Landmark "Obecni Dum" to offer new services incl. use of historic billiards room

Prague's Obecni Dum

No one would question the cultural importance of Prague's Obecni Dum - the city's historic Municipal House dating back to the early 20th century. The famous Art Nouveau building was the site of the proclamation of the Czechoslovak Republic in 1918 and was the site for meetings between dissidents including Vaclav Havel and the outgoing communist leadership in November 1989. As a site it is regularly enjoyed by the public for its café, restaurant, exhibition spaces, and famous concert hall. Now, under a new director, Obecni Dum should offer even more.

Prague's Obecni Dum
Ten years ago Prague's Obecni Dum underwent extensive renovation at the cost of 1.8 billion crowns (around 84 million US dollars) and when it was reopened it was to great fanfare. Located beside a famous Gothic tower the Municipal House remains one of the most visited landmarks in the city. Nevertheless, new management of the site would like to introduce a number of new changes: namely, to make Municipal House even more accessible to the general public. Some spaces which enjoyed brief popularity in the '90s, including a historic cards and billiards room, were never later reopened. Now they should be accessible to visitors once more. Tomas Vacek is the director of the Obecni Dum:

"Obecni Dum is one of the most important landmarks in Prague: sure a lot goes on here even now, from concerts to all kinds of events, but we want to improve the quality of the services. The new billiards room - 200 square metres - was only used a mere ten hours last year for a special event. It should be part of the changes. My hope is to offer an affordable but unique place to meet, to play pool and have a coffee."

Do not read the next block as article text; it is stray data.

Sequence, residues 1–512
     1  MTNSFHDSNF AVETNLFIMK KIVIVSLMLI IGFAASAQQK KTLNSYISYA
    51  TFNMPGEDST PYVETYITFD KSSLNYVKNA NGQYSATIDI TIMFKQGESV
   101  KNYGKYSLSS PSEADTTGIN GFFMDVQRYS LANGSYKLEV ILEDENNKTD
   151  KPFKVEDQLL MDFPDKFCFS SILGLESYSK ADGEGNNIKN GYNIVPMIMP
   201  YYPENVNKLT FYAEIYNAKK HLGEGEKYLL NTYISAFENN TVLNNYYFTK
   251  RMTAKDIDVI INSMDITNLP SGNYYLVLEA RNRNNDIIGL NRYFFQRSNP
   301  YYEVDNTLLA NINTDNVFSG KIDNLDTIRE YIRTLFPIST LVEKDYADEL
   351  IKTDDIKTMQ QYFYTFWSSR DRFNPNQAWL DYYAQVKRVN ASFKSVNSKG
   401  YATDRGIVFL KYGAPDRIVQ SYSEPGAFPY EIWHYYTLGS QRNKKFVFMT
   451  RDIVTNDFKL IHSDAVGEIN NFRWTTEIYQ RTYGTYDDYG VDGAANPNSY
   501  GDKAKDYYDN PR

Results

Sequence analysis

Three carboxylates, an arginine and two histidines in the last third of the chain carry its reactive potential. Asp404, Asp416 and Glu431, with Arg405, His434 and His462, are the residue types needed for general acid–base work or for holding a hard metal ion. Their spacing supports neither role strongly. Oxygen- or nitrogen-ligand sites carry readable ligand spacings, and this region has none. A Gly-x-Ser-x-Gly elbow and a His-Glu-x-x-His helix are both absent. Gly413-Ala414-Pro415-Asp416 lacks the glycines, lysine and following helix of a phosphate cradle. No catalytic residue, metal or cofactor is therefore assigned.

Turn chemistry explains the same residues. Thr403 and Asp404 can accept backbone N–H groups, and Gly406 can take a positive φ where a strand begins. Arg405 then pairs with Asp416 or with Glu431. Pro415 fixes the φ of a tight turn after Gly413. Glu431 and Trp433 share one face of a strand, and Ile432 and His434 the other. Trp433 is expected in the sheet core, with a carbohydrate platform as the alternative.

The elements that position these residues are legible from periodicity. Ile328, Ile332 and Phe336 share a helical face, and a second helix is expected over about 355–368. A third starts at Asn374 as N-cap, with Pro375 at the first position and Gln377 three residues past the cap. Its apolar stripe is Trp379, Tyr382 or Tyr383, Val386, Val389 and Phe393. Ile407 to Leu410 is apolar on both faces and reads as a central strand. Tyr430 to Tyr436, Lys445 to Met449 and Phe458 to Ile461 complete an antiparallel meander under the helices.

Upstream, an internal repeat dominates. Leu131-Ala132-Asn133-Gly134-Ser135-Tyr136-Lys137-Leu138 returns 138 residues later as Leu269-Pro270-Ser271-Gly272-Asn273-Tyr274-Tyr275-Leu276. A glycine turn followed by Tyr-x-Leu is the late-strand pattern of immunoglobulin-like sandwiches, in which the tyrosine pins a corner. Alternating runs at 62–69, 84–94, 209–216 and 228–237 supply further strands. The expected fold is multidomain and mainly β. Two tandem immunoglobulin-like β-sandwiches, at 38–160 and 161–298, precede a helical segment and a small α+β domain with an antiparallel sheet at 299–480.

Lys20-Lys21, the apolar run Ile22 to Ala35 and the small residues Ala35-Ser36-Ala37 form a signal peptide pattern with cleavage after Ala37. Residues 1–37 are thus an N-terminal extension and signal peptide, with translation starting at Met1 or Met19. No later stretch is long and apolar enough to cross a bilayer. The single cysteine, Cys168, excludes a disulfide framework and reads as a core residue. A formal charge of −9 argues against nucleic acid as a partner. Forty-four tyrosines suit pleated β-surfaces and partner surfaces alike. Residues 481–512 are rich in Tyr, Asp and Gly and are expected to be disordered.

Tomas Vacek,  photo: CTK
According to the new director, that's not all his management team has planned: he would also like to make a number of important historic rooms including "Cukrarna" - a former confectionary with an interior as sweet as it sounds - available to rent for weddings and wedding receptions. Mr Vacek suggests that Obecni Dum's full potential hasn't yet been fully tapped.

"In short, there are more rooms here which until now were only used for storage, their doors locked. We went through the building from the basement to the attic to uncover what could be uncovered, to see how some spaces could be used in the future."

The Municipal House - owned by the city of Prague - brings in annual revenues of more than 100 million crowns. That said, not everyone will be happy with all the planned changes: under the new director roughly half of 75 full-time staff, from cleaning to maintenance, will have to go, their jobs to be outsourced. According to Mr Vacek and others it will be better for the landmark Municipal House to employ some people only when they are needed; after concerts, after hours, not full-time. As for the public face of Obecni Dum with the reopening of its billiards room and other areas, Mr Vacek has said that he hopes to see some of those changes by this summer.